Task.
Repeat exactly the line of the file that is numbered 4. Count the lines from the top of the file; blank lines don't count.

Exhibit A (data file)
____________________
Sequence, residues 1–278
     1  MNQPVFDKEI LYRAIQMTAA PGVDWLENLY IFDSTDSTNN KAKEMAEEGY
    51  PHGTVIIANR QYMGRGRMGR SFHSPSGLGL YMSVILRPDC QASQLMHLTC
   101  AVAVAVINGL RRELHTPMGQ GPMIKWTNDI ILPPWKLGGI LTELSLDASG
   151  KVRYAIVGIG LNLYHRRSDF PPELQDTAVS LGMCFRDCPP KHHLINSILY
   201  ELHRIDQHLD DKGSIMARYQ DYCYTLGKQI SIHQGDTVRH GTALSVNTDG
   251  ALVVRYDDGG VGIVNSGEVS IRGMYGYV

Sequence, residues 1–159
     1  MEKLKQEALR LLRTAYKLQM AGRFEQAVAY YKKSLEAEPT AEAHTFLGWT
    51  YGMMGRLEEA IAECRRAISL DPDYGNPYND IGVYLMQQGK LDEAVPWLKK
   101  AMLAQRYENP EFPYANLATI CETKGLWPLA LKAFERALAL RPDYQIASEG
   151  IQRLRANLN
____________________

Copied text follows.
   101  AVAVAVINGL RRELHTPMGQ GPMIKWTNDI ILPPWKLGGI LTELSLDASG